Subway Loses an Inch and Credibility

How many inches are in a foot? Eleven, according to a Subway customer in Australia and others who have posted similar photos of the "footlong" sandwich. The initial photo received more than 100,000 likes on Facebook, yet Subway was slow in responding.


It's unclear why Subway corporate didn't address comments on its Facebook page, but Subway Australia did post this response:

Subway Australia


The company seemed to try a different approach in this statement to The Huffington Post:

"As you know, all of our sandwiches are made to order, and our bread is baked daily in every one of our more than 38,000 restaurants in 100 countries worldwide. We have policies and procedures in place to ensure that our products are consistent and have the same great taste no matter which Subway restaurant you visit.

"We have seen the photo you referenced of a Subway sandwich that looks like it doesn't meet our standards. We always strive for our customers to have the most positive experience possible, and we believe this was an isolated case in which the bread preparation procedures were unfortunately not followed."

Nice try, but this doesn't seem to address the many photos of 11-inch Subway sandwiches.

In a response to ABC News, Subway corporate reinforced the concept of the "footlong" not being a real measurement: "Most countries, such as Australia, follow the metric system so the term Footlong can only be used as part of a trademark." However, the spokesman did acknowledge, "Our global standard for a SUBWAY Footlong sandwich is 12 inches regardless of the restaurant's location."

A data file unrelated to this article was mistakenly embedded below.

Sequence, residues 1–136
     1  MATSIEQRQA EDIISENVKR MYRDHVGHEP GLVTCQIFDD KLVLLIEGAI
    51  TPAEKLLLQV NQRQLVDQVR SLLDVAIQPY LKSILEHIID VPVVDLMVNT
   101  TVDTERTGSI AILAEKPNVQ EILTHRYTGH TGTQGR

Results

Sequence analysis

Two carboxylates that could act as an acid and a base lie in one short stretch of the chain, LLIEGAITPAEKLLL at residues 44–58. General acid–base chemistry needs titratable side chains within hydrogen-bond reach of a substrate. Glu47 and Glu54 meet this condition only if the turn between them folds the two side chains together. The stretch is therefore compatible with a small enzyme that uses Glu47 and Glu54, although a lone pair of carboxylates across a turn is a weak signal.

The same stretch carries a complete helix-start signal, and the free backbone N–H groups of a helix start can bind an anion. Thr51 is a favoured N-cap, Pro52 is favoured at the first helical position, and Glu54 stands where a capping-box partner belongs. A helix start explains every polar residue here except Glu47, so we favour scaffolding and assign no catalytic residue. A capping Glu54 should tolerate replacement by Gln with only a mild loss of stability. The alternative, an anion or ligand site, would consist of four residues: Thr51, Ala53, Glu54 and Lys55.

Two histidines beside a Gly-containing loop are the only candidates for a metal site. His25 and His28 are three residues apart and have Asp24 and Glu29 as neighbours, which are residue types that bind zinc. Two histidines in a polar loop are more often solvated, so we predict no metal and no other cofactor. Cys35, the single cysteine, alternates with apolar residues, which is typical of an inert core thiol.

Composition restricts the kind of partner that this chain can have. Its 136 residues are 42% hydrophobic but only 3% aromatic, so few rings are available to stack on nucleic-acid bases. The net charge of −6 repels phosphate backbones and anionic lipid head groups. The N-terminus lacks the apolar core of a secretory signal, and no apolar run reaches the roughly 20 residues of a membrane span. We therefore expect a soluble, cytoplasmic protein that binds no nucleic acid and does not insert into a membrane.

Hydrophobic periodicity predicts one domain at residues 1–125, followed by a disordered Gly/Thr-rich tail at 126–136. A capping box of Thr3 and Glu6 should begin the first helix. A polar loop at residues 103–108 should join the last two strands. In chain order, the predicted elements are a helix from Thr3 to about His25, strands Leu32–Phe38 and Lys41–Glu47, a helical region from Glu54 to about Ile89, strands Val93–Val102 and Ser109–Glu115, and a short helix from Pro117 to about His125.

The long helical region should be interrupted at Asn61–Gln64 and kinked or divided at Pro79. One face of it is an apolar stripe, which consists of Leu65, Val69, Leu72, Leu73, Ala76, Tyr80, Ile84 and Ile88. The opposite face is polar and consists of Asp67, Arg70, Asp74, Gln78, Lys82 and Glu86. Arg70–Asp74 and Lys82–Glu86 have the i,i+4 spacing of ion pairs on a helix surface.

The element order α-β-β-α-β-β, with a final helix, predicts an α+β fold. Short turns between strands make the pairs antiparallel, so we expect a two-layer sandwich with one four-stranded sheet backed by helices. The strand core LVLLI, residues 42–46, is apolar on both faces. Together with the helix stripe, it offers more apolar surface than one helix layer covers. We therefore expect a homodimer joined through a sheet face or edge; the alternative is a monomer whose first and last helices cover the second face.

The metric-system defense seems to contradict this 2008 commercial, clearly stating that a "footlong" is 12 inches.

The company probably want the whole issue to just go away. On its Twitter feed, Subway is promoting its role in The Biggest Loser and, still, the "footlong":

Subway tweet

Discussion Starters:

  • Some theorize that Subway's toasted bread shrinks, causing the final product to be only 11 inches. Do you buy this argument? If you think it has credibility, should Subway have incorporate this information into its statement? How could this have helped or hurt the company's position?
  • What should Subway do on its Facebook page and Twitter feed to regain credibility?
  • What if the company is skimping on its sandwiches? What would be an appropriate response in this case? What are the downsides of admitting this?